Wednesday, November 26, 2014

Chocolate Bourbon Pecan Pie

I was 37 years old before I conquered my fear of pies.  My mother was an AMAZING pie baker.  Apple, coconut cream, lemon meringue, pecan . . . She made them all with ease.  My very favorite was her annual pear pie, when our small pear tree would have enough fruit to merit the best pie of the year.  I never wanted to compete with her outstanding talent, and always figured that "someday" I would have her teach me to bake a pie.  Unfortunately, I never took advantage of that opportunity.

My dear friend Emma is a gifted pie baker just like my mother was.  When she visited me last year, she took the time to show me how she made a crust.  Eventually -- thanks to a desire to impress my new boyfriend, the continued prodding of my step-dad, and an inherent hope I could live up to my mother -- I began to try pie making.  I hope my mother started out with as rough a skill set as I had before she mastered great pies.  Alas, my greatest limitation is my lack of patience . . . Which has led to regular Katherine Pie Crisis situations!

My favorite pie so far is a Bourbon Chocolate Pecan, adapted from a Southern Living Cookbook.  I use my mother's crust recipe, although I think a pre-made crust would not detract from the robust flavors.  Tonight's Pie Crisis involved my realization that I neglected to purchase light corn syrup.  Fortunately, Matt intervened to avoid catastrophe by creating a "structurally similar compound".  Apparently cooking is an art AND a science!

Whisk together:
4 large eggs (preferably from Harrison Farm!)
1 cup light corn syrup (or other scientist approved sucrose compound)
6 tablespoons melted butter
Half cup sugar
Quarter cup packed brown sugar
3 tablespoons bourbon (I prefer Maker's Mark or Buffalo Trace for cooking)
1 tablespoon flour
1 tablespoon vanilla

Add 1 cup coarse chopped pecans & 1 cup chocolate morsels.  Pour into pie crust, then bake at 350 for one hour.  Serve with ice cream or whipped cream (or, in Matt's case, serve with both).

The great thing about this recipe is that it has such robust flavors that the bourbon & chocolate cover up any mistake . . . Even a notorious Pie Crisis!

Tuesday, November 25, 2014

A Great Man

It seems that some of the greatest men in our world live lives of quiet nobility.  They love their spouse, raise their children, provide for their family, and walk humbly with their God.  While it is hard to conceive of a funeral as uplifting, I cannot imagine that a person could have attended my neighbor's funeral without feeling immensely better about the world that it could have created a man such as Eric Howlett.  

Nearly everyone who knows me has either met or heard about my neighbor kids, Joseph & Eliza.  Their family moved into the next door property adjacent to our north pasture several years ago, and initially I just knew them as pleasant neighbors with several kids.  A few years ago, Joseph developed an interest in animals and would often visit when I was working in the barn.  His younger sister Eliza was his constant companion at that point, and I came to enjoy & appreciate the company of these two children.  Joseph is a steady, quiet, hardworking young man.  Eliza has more sass than any child I have ever met.  Most of our visits follow a similar agenda: Joseph quietly helps me feed & care for the animals, while Eliza updates me on the daily adventures of being the youngest of five kids, quizzes me on my life decisions, pontificates on why I am still single, and then suggests flavors of ice cream I should keep in stock for her.  These two young people hold a prime spot in my heart, and I know that they have done more for me than I could ever do for them.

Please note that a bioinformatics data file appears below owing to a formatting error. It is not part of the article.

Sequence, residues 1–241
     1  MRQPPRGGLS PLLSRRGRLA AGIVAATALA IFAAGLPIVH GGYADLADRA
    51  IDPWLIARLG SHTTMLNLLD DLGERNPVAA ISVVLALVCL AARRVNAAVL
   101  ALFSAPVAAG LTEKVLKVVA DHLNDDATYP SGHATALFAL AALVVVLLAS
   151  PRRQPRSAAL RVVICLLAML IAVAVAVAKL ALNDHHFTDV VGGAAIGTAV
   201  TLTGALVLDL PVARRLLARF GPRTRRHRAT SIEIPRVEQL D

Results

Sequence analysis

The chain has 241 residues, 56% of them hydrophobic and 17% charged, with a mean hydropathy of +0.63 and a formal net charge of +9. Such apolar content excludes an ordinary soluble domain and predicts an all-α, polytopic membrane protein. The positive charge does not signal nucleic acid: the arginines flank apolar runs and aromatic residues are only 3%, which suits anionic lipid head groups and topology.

Remarkable young people do not exist without influential parents.  Eliza & Joseph are blessed with a wonderful set of parents.  Their mother Chris is a gracious, hardworking woman -- exactly the kind of woman I hope to be if I ever grow up.  Their father's intelligence & dedication is obvious in Joseph, and his love for others can be seen in Eliza's giving spirit.  Many times Eric would stop by to say hello when he saw me working outside, and he never failed to pitch in and help if he could be of assistance on a job.  As Joseph began to develop his own herd of goats, I often interfaced with his parents to provide support to Joseph on this endeavor.  I was continually amazed that Joseph's parents encouraged his interest in being a farmer -- even if it was not their particular interest and despite the fact that he eventually took over much of their front yard for his goat operation.  What was even more inspiring to me was the way in which these parents showed the same wholehearted support for all five of their children, and never failed to model to them how to live life helping others.

Just as they supported their children's dreams, Eric & Chris supported each other's goals.  Eric recently was hired as a commercial pilot, the culmination of a youthful dream & many years of hard work.  When I heard of his death, it shook me to the core.  I immediately drove down to hug Joseph & Eliza. I eventually learned that their father was flying solo from Chicago and had experienced engine failure.  He was attempting to return to Midway airport when his plane crashed in a residential neighborhood.  It hit a house -- even leaving debris as close as 8 inches from the bed where the couple was sleeping who lived there -- yet no one else was hurt.  The crash was all over the national media, even on the inside cover of my Wall Street Journal.  

Eric's memorial service took place over the weekend.  There was standing room only for the service.  It was truly a testament to the impact which Eric had on people and the love which others have for his family.  Two of Eric's brothers read beautiful eulogies written by his mother and by his wife.  The one which his mother wrote was full of love, and helped me to appreciate the experiences which formed Eric into the generous individual which I knew.  I was absolutely amazed by the strength and grace exhibited by Chris in the words which she wrote about her husband.  They truly had a great love story, and that love was evident in the respect & affection with which she described her husband.  Chris shared that the remarkable nature of the crash -- a pilot goes down in a residential area and yet he is the only one hurt -- brought her the understanding that he was being very specifically called to God.  

Chris is a resilient, beautiful woman, and I have no doubt that she will be a great strength for her children to rely upon.  A fund has been set up to benefit the family, and if you were so moved, donations would be sincerely appreciated.  They can be directed to the Eric Howlett Family Fund, in care of the Canal Banking Center at 6360 Prentiss School Drive, Canal Winchester OH 43110.